In addition to referencing inconsistencies between plaintiffs subjective symptom statements, the treatment she sought, and the objective findings in the medical records, the ALJ also noted that plaintiffs reported activities of daily living ("ADL's") "are not limited to the extent one would expect, given her complaints of disabling symptoms and limitations." The ALJ also noted that plaintiff provided inconsistent statements regarding her ADL's at various times. Id. The ALJ specifically noted that plaintiff is "functionally independent concerning her personal care needs" and can grocery shop and walk the six blocks to the store, go out alone and use public transportation, prepare meals, do laundry, dishes, and light cleaning, and help attend to her children. Id. The ALJ also noted that despite initially denying babysitting her grandchildren at the hearing, plaintiff later admitted that she picks up her seven-year-old granddaughter from school and watches her for about two hours at times until her parents pick her up Id.

         The ALJ noted that in addition to these inconsistent statements, "the record suggests even greater involvement" by plaintiff in caring for her grandchildren, such as reports from January, February, and March 2014, where plaintiff reported that her grandchildren, ages 7 and 11, live with her and she feeds and cares for them because the children's parents were "not caring for them." Id. The ALJ also noted that in April 2014, plaintiff reported she cared for her grandchildren "the majority of the time because she does not work." Id. The ALJ noted that the Dictionary of Occupational Titles[1] ("DOT") "defines the job of a child care worker (DOT 301.677-010) as a medium unskilled job" and found that although plaintiffs child care tasks may not rise to this medium level of exertion, "they do suggest she should be able to perform some sedentary work activity." Id.

         The ALJ also noted internal inconsistency in plaintiffs statements regarding her ability to travel. Id. Specifically, the ALJ noted that although plaintiff "initially denied traveling since her alleged onset date, " after further questioning at the hearing, she admitted taking trips to Mexico and California. Id. at 22-23. The ALJ found that "although traveling and a disability are not mutually exclusive, [plaintiffs] decision to go on these trips tends to support a finding that she could do some sedentary unskilled work activity." Id.

         Finally, in addition to noting inconsistencies between plaintiffs symptom statements and the medical records and her ADL's, and the internal inconsistencies in the statements plaintiff made regarding her ability to travel and care for her grandchildren, the ALJ also noted that plaintiff "stopped working due to a business-related layoff when the company relocated rather than because of her allegedly disabling impairments." Id.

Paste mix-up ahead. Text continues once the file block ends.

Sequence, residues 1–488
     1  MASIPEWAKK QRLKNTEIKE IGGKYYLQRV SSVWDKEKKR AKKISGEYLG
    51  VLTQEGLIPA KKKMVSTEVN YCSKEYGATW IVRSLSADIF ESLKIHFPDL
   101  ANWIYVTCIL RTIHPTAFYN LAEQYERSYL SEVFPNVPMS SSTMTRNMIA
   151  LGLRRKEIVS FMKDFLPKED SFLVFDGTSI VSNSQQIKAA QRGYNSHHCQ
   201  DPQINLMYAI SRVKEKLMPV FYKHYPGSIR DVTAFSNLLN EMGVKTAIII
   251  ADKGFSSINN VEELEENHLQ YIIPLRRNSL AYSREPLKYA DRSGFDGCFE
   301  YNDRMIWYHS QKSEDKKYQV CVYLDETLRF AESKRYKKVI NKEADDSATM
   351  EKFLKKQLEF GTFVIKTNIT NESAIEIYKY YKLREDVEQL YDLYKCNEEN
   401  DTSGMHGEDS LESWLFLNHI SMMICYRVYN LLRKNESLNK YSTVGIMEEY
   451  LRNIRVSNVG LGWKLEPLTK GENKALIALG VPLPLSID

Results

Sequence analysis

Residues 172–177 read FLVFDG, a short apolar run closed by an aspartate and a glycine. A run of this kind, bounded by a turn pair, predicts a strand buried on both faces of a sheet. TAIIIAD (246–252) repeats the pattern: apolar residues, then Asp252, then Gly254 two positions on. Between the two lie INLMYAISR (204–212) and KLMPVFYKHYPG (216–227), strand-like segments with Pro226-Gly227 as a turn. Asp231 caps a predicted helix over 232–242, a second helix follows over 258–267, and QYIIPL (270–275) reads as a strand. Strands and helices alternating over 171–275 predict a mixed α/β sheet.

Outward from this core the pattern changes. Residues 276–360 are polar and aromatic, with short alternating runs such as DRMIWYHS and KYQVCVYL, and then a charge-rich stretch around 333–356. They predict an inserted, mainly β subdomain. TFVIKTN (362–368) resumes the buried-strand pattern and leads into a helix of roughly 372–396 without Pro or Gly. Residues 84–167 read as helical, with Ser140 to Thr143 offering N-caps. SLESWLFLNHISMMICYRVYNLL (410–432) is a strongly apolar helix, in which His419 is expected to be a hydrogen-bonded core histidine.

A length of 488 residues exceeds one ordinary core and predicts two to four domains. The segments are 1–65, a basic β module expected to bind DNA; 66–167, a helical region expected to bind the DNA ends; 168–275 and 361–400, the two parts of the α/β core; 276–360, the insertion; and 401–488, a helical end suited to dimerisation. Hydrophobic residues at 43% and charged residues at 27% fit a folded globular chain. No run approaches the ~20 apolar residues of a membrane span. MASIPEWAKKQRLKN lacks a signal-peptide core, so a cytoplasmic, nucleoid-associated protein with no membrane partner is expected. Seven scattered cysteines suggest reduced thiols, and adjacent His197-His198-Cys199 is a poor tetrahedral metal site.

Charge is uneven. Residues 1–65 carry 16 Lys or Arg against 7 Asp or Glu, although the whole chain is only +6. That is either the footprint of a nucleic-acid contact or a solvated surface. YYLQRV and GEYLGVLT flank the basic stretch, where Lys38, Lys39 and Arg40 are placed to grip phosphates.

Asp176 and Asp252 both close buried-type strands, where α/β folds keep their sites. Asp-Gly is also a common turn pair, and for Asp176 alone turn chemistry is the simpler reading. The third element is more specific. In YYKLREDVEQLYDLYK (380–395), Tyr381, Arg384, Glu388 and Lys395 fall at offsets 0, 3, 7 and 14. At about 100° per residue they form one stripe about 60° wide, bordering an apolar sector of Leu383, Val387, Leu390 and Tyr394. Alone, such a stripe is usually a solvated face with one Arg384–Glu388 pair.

Plaintiff argues that the ALJ failed to articulate a clear and convincing reason, supported by substantial evidence, for rejecting her subjective symptom statements concerning the extent and severity of her impairments and also challenged several of the reasons proffered by the ALJ for finding her not credible. Pl.'s Br. 13-16.

         First, plaintiff argues that she is unable to take NSAID medications due to her chronic kidney disease and because many narcotic pain medications contain NSAIDs, her inability to "take certain pain medications as a result of one of her other impairments is not an indication that her pain is not as severe as alleged." Id. at 14.

         Second, plaintiff argues that her conservative treatment for her back was not a valid reason to discredit her symptom statements because: (1) conservative treatment is what her doctors recommended; (2) her spinal condition cannot be repaired with surgery; and (3) she had gaps in her medical treatment because she could not afford treatment without insurance, which she did not obtain until 2014. Id.

         Third, plaintiff argues that her ADL's as cited by the ALJ were not inconsistent with her statements that she is unable to sit, stand, walk, or lift well enough to make it through a typical work day. Id. Plaintiff states that the ALJ's assertion to the contrary was improper because her ADL's, such as watching her grandchildren were not comparable to performing full-time work because her grandchildren were in school most of the day and when they came home from school, they were largely self-sufficient. Id. Plaintiff further asserts that caring for her grandchildren "as described in the record, involved nothing more than making dinner for a 7 and 11 year old and making sure they went to bed on time, " Pl.'s Reply Br. 3, and "making dinner was not something [she] did on a regular basis, " but instead was something she did only when their parents are out of the house. Pl.'s Br. 14.

         Finally, plaintiff argues that although she "left her most recent job because the company moved out of state rather than because of her impairments, " "she was in so much pain while she was still doing that job that she missed 2 days of work each week" and "was able to keep her job for as long as she did only because the employer didn't want to go to the trouble of ...